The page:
Biden takes the lead in Georgia, simply inches nearer to the White Home


© Reuters. U.S. Democratic presidential candidate Biden speaks about the 2020 presidential election in Wilmington, Delaware


By John Whitesides and Joseph Ax

WASHINGTON (Reuters) – Democratic presidential candidate Joe Biden took a narrow lead on President Donald Trump in the battlefield state of Georgia early Friday and approached winning the White House in a thrilling competition as a handful of undecided states continue to count votes.

According to most major television networks, Biden has a 253-214 lead in the state electoral college vote to determine the winner. Gaining Georgia’s 16 votes would put the former vice president at the top of the 270 he needs to secure the presidency.

77-year-old Biden would become the next president by winning Pennsylvania or two out of the Georgia, Nevada, and Arizona trio. Trump’s most likely path seems narrower – he must hold onto both Pennsylvania and Georgia, overtaking Biden in either Nevada or Arizona.

Biden was ahead of Trump with 917 votes in Georgia, where counting resumed early Friday.

The Georgia postponement came hours after Trump appeared at the White House to falsely claim that the election was “stolen” from him.

Trump had seen his lead in Georgia, a southern state that had not voted for a Democratic presidential candidate since Bill Clinton’s inauguration in 1992, steadily dwindled as officials pulled off tens of thousands of untold votes, many from Democratic strongholds like Atlanta.

The Georgian Foreign Minister reported late Thursday that around 14,000 ballot papers remained in the state.

The state must also review votes from military personnel and residents from overseas, as well as preliminary ballot papers cast on election day by voters who had problems with their registration or identification.

Biden has steadily lost the leadership of the Republican incumbent in Pennsylvania as well. Its deficit there had shrunk to just more than 18,000 by early Friday, and it was expected to continue to decline as many of the remaining ballots are cast in democratic areas.

Biden had little advantage in Arizona and Nevada either. In Arizona his lead decreased to around 47,000 early Friday and in Nevada he was ahead with around 11,500 votes.

When the country held its breath to score a result in the White House race, Georgia and Pennsylvania officials were optimistic that they would finish counting on Friday, while Arizona and Nevada were likely to take days to complete to complete their vote counts.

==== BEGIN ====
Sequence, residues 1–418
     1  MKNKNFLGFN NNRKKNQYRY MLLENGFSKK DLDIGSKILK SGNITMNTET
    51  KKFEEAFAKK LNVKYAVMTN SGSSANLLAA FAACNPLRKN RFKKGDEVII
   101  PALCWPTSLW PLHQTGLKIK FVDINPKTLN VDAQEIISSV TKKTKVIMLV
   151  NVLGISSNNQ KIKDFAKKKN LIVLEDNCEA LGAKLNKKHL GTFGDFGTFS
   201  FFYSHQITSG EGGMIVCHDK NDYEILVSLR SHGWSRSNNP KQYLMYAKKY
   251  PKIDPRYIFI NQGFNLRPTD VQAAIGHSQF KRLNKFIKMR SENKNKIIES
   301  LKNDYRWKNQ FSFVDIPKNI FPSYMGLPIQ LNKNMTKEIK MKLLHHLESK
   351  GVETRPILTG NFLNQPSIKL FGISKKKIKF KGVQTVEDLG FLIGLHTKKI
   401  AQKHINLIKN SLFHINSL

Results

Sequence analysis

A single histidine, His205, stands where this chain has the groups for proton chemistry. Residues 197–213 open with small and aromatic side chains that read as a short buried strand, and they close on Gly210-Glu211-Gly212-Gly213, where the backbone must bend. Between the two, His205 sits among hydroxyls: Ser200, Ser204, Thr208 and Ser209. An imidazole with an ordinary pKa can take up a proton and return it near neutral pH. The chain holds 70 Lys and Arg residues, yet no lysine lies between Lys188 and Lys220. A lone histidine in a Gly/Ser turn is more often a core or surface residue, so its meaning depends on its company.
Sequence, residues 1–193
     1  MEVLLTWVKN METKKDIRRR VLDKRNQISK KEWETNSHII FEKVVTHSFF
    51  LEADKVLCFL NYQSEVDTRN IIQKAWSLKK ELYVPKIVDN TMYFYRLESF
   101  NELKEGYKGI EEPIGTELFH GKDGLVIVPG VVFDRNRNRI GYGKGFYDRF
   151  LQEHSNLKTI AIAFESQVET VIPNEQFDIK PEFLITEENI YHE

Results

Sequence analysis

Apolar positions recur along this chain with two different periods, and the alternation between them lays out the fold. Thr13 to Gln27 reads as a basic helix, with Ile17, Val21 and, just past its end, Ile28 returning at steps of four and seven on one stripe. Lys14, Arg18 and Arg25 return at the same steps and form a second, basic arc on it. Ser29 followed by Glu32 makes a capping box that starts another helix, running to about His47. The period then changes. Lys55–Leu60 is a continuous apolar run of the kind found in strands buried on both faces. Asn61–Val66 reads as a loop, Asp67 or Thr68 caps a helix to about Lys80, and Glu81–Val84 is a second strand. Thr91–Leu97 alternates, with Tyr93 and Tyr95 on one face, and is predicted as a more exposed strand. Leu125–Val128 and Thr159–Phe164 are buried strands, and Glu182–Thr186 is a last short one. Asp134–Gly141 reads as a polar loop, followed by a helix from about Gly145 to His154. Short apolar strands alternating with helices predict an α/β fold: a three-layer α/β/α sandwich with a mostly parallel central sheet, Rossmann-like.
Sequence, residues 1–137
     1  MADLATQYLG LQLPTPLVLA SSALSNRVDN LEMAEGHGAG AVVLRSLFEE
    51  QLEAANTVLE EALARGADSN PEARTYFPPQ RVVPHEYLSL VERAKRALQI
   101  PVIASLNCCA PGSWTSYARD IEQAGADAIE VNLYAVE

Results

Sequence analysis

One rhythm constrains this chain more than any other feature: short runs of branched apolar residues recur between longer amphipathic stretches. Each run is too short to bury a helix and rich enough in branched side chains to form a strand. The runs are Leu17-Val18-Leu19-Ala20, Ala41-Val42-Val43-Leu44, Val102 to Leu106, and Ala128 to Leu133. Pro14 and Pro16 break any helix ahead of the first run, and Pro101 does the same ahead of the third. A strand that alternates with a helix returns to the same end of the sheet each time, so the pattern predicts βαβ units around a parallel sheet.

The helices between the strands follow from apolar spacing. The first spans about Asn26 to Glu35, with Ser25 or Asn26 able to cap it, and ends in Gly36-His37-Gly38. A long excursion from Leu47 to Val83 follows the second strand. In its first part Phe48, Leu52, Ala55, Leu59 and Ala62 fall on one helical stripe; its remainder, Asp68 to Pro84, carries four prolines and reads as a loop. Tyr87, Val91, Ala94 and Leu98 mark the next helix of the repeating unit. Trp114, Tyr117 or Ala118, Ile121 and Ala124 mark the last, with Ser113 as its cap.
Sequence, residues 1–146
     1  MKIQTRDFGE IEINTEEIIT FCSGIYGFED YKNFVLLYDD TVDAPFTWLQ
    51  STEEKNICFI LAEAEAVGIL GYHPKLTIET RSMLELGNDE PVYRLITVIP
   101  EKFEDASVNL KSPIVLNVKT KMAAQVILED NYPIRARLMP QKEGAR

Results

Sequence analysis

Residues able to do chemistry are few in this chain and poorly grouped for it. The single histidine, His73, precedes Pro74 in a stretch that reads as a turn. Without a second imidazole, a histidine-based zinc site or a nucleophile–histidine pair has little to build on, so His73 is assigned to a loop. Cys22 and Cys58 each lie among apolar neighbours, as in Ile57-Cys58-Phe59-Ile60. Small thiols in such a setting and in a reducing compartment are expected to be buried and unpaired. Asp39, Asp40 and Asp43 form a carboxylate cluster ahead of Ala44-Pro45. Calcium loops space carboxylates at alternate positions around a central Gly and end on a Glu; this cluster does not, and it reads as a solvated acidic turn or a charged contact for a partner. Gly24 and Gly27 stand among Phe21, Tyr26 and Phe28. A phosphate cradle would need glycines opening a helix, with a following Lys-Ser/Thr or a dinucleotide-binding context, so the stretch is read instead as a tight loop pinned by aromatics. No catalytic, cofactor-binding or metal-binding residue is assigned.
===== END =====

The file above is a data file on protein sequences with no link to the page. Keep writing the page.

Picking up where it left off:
74-year-old Trump has tried to portray as fraudulent the slow counting of postal ballot papers, which has become increasingly popular due to fears of exposure to the coronavirus through personal votes. As the counts on these ballot papers have been counted, they have undermined the initial strong leads the president had in states like Georgia and Pennsylvania.

In the past, states have taken time after election day to count all votes.

Trump fired several tweets early in the morning on Friday, repeating the complaints he had previously aired at the White House. “I Easily WON the Presidency of the United States with LEGAL VOTES CAST,” he said on Twitter, with no evidence of illegal votes being cast.

Twitter has flagged the post as potentially misleading, which it has done with numerous posts from Trump since Election Day.

In an extraordinary attack on the democratic process, Trump appeared in the White House briefing room on Thursday evening and unfoundedly claimed that the election had been “stolen” from him.

Trump did not provide evidence, lambasted election workers and harshly criticized pre-election polls, which he said should suppress the vote because they favored Biden.


“You’re trying to rig an election and we can’t let that happen,” said Trump, who spoke in the White House briefing room but asked no questions. Several television channels were cut off during his remarks, and Anker said they needed to correct his statements.

Biden, who asked for patience earlier in the day when the votes were counted, replied on Twitter: “Nobody will take our democracy away from us. Not now, not ever.”

Trump’s incendiary remarks followed a series of Twitter posts the day he called for the vote count to be suspended, despite the fact that he is currently tracking Biden in enough states to give the Democrat the presidency.

Trump’s election campaign, meanwhile, followed a string of lawsuits in several states, despite judges in Georgia and Michigan there quickly rejecting challenges. Legal experts said the cases had little chance of affecting the election result, and Biden campaign chief legal advisor Bob Bauer called them part of a “broader misinformation campaign”.

The tight elections have underscored the nation’s deep political divisions, and if he wins, Biden may also have difficulty governing a deeply polarized Washington.

The Republicans could keep control of the U.S. Senate until there are four indecisive Senate races, including two in Georgia, and they would likely block large parts of its legislative agenda, including expanding health care and tackling climate change.

And even if Biden wins, he will not have been able to deliver Trump the sweeping rejection the Democrats have hoped for, reflecting the deep support the president enjoys despite his tumultuous four-year tenure.

The winner will face a pandemic that has killed more than 234,000 people in the U.S. and left millions more unemployed, even if the country still struggles after months of months of unrest over racial relations and police brutality.

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